This work represents the results of experiments on silicon dioxide insulation materials mixed with low-density polyethylene (LDPE) at a different proportion to prevent the transmittance of IR domain and to allow the transmittance of ultraviolet–visible (UV–Vis) domains, so we can keep the thermal radiation of the ground in the greenhouse. The mechanical properties of nanocomposites such as tensile were evaluated and discussed. Several ratios of nanosilica particles were employed to fabricate low-density polyethylene (LDPE) composites using melt mixing and hot molding methods. Six of composite films from different ratios (0.5, 1, 2.5, 5, 7.5, and 10 wt% nanosilica) were prepared. The obtained composite films were characterized and identified by ultraviolet–visible (UV–Vis) spectroscopy and Fourier transform infrared spectroscopy (FTIR). Thermal stability of samples was evaluated by thermogravimetric analysis (TGA). Surface morphology of samples was investigated by scanning electron microscopy (SEM). At specific mixing ratio, the ultraviolet–visible transmittance is allowed, while far infrared radiation transmittance was prohibited, and that will be explained in details. Optical measurements show that the composite films prevent the transmission of IR radiation near 9 μm and allow UV–Vis transmission during sun-shining time. The mechanical behavior was studied using tensile tests for nanosilica-reinforced LDPE composite. The sample with an addition of 1 wt% nanosilica has successfully enhanced the mechanical properties of LDPE material.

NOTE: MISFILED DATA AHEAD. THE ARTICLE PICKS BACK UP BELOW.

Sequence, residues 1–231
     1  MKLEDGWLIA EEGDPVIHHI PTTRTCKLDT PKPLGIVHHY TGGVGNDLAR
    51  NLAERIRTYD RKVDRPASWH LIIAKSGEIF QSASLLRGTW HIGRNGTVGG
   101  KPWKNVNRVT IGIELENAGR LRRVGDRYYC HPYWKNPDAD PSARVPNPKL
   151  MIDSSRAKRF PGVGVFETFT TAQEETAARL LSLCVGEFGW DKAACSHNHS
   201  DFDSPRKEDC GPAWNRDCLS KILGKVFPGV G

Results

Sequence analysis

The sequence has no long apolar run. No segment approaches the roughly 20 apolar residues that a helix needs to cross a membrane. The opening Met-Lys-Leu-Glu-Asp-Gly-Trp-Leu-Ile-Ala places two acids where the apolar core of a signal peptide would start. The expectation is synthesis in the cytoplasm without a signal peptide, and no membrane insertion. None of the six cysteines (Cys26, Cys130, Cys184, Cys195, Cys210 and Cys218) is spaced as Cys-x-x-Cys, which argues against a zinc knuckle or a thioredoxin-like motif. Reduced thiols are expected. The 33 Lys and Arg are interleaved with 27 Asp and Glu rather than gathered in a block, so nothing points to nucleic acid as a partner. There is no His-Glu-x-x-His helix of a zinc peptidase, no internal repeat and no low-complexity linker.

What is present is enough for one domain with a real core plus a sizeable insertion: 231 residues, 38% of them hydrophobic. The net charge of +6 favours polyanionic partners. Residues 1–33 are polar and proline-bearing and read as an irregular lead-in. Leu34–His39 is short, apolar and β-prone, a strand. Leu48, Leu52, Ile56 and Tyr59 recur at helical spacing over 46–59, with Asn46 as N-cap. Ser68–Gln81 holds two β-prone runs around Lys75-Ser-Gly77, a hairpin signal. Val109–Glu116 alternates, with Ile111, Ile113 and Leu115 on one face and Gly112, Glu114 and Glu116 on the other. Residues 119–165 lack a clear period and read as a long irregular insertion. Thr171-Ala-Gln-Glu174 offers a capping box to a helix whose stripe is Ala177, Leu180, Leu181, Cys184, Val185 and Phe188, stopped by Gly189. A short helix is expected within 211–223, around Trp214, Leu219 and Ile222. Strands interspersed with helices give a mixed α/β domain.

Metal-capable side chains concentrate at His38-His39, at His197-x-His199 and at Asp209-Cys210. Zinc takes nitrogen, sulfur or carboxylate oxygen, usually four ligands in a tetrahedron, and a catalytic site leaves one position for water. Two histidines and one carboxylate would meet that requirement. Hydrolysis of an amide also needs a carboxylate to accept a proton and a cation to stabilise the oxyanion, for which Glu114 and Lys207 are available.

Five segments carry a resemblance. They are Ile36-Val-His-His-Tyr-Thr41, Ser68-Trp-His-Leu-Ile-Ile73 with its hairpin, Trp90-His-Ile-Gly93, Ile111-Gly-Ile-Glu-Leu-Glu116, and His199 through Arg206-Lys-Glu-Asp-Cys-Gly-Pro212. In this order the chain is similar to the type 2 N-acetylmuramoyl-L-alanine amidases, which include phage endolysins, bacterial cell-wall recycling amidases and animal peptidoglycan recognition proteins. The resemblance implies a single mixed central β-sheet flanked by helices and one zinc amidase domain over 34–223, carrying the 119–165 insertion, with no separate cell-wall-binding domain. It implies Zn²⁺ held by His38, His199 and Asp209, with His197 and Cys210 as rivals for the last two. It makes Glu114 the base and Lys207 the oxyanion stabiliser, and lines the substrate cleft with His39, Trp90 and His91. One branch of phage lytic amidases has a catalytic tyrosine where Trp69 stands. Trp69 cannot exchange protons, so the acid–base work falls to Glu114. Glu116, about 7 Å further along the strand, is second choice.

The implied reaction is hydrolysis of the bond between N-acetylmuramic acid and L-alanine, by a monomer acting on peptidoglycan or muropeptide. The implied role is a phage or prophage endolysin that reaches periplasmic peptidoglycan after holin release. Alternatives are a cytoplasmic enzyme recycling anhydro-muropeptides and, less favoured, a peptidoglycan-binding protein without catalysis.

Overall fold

Part of the book: Composite and Nanocomposite Materials